Trees in art and architecture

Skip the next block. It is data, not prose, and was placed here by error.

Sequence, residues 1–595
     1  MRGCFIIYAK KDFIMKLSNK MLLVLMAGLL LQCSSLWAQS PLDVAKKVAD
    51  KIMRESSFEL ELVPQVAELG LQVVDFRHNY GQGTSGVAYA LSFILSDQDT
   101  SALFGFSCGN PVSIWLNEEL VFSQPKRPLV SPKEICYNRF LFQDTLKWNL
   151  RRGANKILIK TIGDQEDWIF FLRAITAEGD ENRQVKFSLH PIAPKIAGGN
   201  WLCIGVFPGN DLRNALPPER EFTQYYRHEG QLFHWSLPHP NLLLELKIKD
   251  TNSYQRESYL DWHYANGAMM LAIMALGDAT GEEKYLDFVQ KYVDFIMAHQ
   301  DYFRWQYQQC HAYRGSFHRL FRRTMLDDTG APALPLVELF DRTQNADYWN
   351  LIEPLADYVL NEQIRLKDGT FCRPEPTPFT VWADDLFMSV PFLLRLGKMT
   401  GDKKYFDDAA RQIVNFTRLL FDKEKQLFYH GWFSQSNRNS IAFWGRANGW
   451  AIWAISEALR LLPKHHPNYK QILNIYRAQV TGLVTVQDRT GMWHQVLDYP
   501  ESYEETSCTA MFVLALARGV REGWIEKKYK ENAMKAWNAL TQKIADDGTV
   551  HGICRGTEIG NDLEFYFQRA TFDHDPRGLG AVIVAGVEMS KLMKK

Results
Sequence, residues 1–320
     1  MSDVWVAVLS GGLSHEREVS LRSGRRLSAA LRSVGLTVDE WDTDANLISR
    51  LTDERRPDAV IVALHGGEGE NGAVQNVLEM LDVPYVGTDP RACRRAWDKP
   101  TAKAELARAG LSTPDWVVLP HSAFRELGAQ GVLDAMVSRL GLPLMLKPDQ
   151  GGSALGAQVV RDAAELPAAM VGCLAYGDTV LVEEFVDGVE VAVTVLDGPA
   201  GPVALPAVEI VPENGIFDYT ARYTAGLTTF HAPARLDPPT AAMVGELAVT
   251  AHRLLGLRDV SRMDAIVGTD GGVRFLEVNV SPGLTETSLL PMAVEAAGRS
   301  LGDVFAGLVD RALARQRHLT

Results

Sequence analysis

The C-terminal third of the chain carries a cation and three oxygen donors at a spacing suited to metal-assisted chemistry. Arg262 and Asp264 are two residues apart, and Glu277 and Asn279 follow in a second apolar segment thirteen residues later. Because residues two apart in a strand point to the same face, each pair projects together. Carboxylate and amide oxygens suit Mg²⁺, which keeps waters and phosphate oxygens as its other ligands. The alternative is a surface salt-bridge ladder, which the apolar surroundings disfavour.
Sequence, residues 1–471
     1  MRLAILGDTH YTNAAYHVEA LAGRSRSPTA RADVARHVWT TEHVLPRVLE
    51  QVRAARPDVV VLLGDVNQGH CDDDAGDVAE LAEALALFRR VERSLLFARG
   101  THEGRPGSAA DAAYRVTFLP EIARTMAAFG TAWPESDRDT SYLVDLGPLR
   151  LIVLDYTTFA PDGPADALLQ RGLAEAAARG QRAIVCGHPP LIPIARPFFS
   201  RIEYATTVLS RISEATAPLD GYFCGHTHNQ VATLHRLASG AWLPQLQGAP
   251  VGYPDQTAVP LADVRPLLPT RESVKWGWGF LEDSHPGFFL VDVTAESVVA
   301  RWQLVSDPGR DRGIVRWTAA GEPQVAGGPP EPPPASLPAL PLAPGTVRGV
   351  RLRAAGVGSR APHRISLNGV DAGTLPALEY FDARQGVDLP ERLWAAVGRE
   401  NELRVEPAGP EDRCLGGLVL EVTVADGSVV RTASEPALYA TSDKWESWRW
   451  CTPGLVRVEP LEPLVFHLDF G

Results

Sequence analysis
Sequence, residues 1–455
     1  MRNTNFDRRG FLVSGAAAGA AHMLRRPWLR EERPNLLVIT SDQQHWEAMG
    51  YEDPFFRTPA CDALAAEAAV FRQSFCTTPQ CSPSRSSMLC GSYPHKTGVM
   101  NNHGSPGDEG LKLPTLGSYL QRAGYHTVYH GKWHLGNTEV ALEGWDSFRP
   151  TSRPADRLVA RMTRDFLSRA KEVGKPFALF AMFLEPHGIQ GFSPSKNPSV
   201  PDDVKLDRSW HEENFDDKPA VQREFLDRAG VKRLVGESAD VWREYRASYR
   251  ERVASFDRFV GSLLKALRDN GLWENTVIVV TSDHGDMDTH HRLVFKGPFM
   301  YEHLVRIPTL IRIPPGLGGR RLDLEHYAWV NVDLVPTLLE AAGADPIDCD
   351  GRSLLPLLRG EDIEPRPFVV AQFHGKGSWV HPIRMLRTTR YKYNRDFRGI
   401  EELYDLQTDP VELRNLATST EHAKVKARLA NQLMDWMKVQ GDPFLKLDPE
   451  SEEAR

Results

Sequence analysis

Time to take a stand for the tree Trees tower over today’s art and architecture — though their roots are not always deep. By Edwin Heathcote Above: Klaus Littmann’s installation at the Wörthersee Stadium in Klagenfurt, Austria. Left: Abel Rodríguez’s ‘Terraza Alta II’ (2018), Hayward Gallery Gert Eggenberger/APA/ AFP via Getty Images; courtesy the artist and Instituto de Visión Eija-Liisa Ahtila’s ‘Horizontal — Vaakasuora’ (2011), Hayward Gallery — Linda Nylin In 1799, William Blake wrote in a letter: “The tree which moves some to tears of joy is in the eyes of others only a green thing which stands in the way.” And trees are still standing in the way. In the way of new palm oil plantations, grazing for cattle, for soy and almonds, for roads and suburbs. But we also seem to have reached a moment when they are being appreciated in the broader culture. Even President Trump agreed to join the One Trillion Trees Initiative. This month, Among the Trees opened at the Hayward Gallery in London (though the gallery is currently closed), exploring images of trees in contemporary art including works by Robert Longo, Tacita Dean, Steve McQueen and William Kentridge, following on from the Trees exhibition at the Fondation Cartier in Paris. And Cambio, an exhibition at the Serpentine Sackler Gallery in London (also currently closed), by Italian designers Formafantasma, takes a panoramic view of trees, ecology and wood. Meanwhile, last year Swiss curator Klaus Littmann mounted his remarkable installation at the Wörthersee Stadium in Klagenfurt, in which 300 trees were planted inside a football stadium and spectators came to see them. There was something momentously post-apocalyptic about Littmann’s installation, presenting trees as something precious, raising the spectre of something so familiar yet so often endangered. The forest and bush fires in Australia and California shored up this idea of trees as a dwindling resource. Richard Powers’ novel The Overstory (shortlisted for the 2018 Man Booker Prize) represented another reassessment of trees. Inspired by new developments in understanding the way trees communicate and support each other, Powers builds on an ancient understanding of forests as parallels to human communities, rooted in place and connected to everything around them. Formafantasma foreground the complexity and variety of trees and the products they facilitate by asking whether it is time we acknowledge their rights as beings. Their Serpentine exhibition is a deep exploration of where wood comes from, with exotic timber samples from the 1851 Great Exhibition (held just a short distance from where the gallery now stands), some from trees now long extinct. It ties products to places, furniture, musical instruments and tools, to the trees that have died to enable them to exist. It is also, critically perhaps, a self-effacing exhibition in the show-off world of design. The designers have, truly, been able to see the wood for the trees. Chiming with this burgeoning consciousness is the reissue of Italian architect Cesare Leonardi’s beautiful cult book The Architecture of Trees. Leonardi emerged from the 1960s architectural avant-garde in Italy; in the 1970s he turned his attention to landscape and, ultimately, trees. Together with Franca Stagi, he produced the book with the most astonishing pen-and-ink illustrations of trees, conceiving of them almost as architecture — picturing them in elevation like building facades. It became a bible for landscape architects and designers and its reissue indicates a shift in attitude, seeing trees as something than merely ornament. It also intrigued me to see that publisher Blue Crow, which usually produces maps of Brutalist buildings, has just put out a map of Great Trees of London. Trees, it seems, are being given recognition and rights not only as beings but as a kind of architecture. Trees transplanted into architecture are nothing new. From timber pagodas evoking the layers of branches to Mannerist columns in the shape of gnarled tree trunks, they have always been both literally (in the form of huge beams and logs) and symbolically present at the heart of building. At the 1992 Seville Expo, architect Imre Makovecz designed the Hungarian pavilion around a tree transported from the plain. It was set into a glass floor, its roots exposed in the darkness below. It was a powerful moment, a suggestion that there is the world of the visible and, below it, the subconscious, just as extensive, just as complex. Trees have always been ciphers for people — standing upright, reaching for the sky, living together. Myths retell metamorphoses — think of Daphne escaping Apollo or Lotis and Dryope, all transformed into trees. That trees are rooted in the earth has made them a popular paradigm with architects who suggest that the problem with our buildings is that they are globalised, meaningless, that they are not rooted in the landscape. But you might also argue that trees have been adopted by the culture of architecture as a tool for “greenwashing”. Skyscrapers across the world have recently been appearing clad in layers of leafy lingerie. Trees are being planted on roofs and on balconies, adopted to spare the modesty of the most unsustainable structures. You might look at Thomas Heatherwick’s 1000 Trees development in Shanghai, a massive, crass heap of malls and offices which attempts to disguise its bulk with a sprinkling of trees in massive concrete pots atop columns. It is the perfect example of a phenomenon which uses trees as symbol rather than reality, disconnecting them from the earth, isolating them in concrete cells and applying them as cosmetic decoration to disguise an over-scaled development. Italian architect Stefano Boeri kicked off the trend with his Bosco Verticale (Vertical Forest) in Milan. He is now working on a Forest City in Liuzhou, in China’s Guangxi Province. At Toronto’s Union Centre, Bjarke Ingels’s designs have created a dim glass tower with a few trees sprinkled on top, as if that makes a concrete-framed behemoth somehow greener. Trees have become a substitute for architectural intelligence. A more sympathetic approach was taken by SITE Architecture with its provocative 1970s designs for stacked suburban housing complex and levels of trees and back yards. SITE, founded by James Wines, proposed an amalgam of land art, Pop art and architecture. Its remarkable store for the supermarket chain Best in Richmond, Virginia (1980) was built around a clump of trees, the remnants of a small wood. Its walls looked as if they were crumbling, giving way to nature. The only one of the Best buildings to survive, it is now in use as a church. These are trees that were already there, rooted into the ground rather than helicoptered in, a very different conception from the dressing-up box trees of the decorated tower. The builders of almost every age have looked to trees for inspiration and they are explicit in architectural form, from Roman temples and Gothic cathedrals to the great greenhouses of the Victorian age and the airports of our own. When builders reach the highest point in the construction process today, they still celebrate with a topping-out ceremony, binding a small sapling to the new roof and drinking a toast of cheap booze in plastic cups. Trees remain more complex, mysterious and beautiful than anything humanity has created and scientific research is still uncovering new marvels such as how they can sense us coming, communicate our presence and how they use earth and underground fungi as a medium, a sentient web. The most recent suggestion is that they emit bacteria, negatively charged ions and essential oils which calm us, making us feel good in the woods. It’s no surprise, then, that architects are still turning to trees not just for inspiration but for decoration. But that is a superficial treatment of trees, an abuse of their complexity and capability and a blow to their dignity. With an increasing understanding of the damaging carbon footprint of concrete, we will, perhaps increasingly, be using timber to build. So as a thanks to the trees we are sacrificing, the least we could do is to treat them a little more respect than using them as window-dressing for second-rate architecture and, perhaps, appreciating them as an complex architecture in their own right. ‘The Architecture of Trees’ is reissued by Princeton Architectural Press. ‘Great Trees of London Map’ from Blue Crown Media,